John had sons Jesse and Reuben who grew up and had children. He also had a girl named Haley who married John Holland. I have some information on Haley and John. Most of their children grew up in the Combs area of Perry Co. A good source of information on Venison's brother Jesse is Carol Barnett. Her address is 2823 Laurel Drive, Hebron, Ky 41048.
Elizabeth Deaton (Venison's Mother)
Elizabeth Deaton was born May 10, 1872 and died Dec 25, 1911. She is buried at the Squire Turner graveyard at Houston, Ky.
Most researchers think that Elizabeth was the daughter of John Simpkins and Sythia Caudill. John Simpkins was raised by the Deatons. he went by the name of John "Blue" Deaton. "Blue" being slang for illegitimate.
Elizabeth may have had a daughter named Sythia before she married John. She is listed above Grandpa Venison in the census record.
Elizabeth "Lizzie" Simpkins was raised by her mother Sythia Ann and her second husband Peter McIntosh. Elizabeth may have used or been known by McIntosh. Venison's brother Jesse and Venison's death certificates had her listed as Elizabeth Deaton.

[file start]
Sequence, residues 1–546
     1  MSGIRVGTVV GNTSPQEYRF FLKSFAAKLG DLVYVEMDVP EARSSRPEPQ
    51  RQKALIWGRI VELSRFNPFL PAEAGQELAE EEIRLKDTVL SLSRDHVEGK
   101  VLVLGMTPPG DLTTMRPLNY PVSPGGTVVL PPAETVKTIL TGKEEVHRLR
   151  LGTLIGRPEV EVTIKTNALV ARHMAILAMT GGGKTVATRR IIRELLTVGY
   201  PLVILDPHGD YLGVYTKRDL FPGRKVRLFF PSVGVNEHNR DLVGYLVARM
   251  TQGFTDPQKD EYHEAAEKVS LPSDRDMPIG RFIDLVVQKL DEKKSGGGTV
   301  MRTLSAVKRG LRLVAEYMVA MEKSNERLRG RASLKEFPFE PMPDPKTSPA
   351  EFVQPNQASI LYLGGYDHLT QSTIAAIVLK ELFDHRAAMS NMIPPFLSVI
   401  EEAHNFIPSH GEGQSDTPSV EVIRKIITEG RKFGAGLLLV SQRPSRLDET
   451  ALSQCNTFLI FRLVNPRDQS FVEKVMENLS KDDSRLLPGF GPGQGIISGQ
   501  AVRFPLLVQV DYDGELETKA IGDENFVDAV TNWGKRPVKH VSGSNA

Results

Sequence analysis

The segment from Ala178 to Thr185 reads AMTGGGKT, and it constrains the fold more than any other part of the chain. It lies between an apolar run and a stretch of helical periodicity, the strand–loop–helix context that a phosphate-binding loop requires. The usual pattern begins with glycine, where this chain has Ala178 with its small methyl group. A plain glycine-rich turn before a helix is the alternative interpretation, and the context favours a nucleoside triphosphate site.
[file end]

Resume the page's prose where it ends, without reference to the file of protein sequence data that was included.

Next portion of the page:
Most researchers accept Elizabeth's mother as Sythia Caudill, but several researchers are not convinced that John Simpkins was Elizabeth's father.
Reverend Venison Turner Oct 15, 1895-1979:
Venison Turner was the oldest child of John Turner and Elizabeth Deaton. He stated that his birth was 1895. When a local electric book ran a story about a snow in June of 1894, Venison stated that he remembers his parents telling him that he was born that year. The Census records shows a Sythia Ann as older than Venison. She was probably a child of Elizabeth before she married John. Their marriage records shows that it was a first marriage for each.
Venison was born on Cow Creek in Owsley Co. he was living in Owsley in 1900 but by 1910 he was back in Breathitt.
John later remarried after Elizabeth died and the story is that Venison had to leave before the woman would marry John.
Venison told me that he remembers sleeping in the old house that was built in those days. He said that he slept in the loft and remembers waking up in the winter with snow on his covers.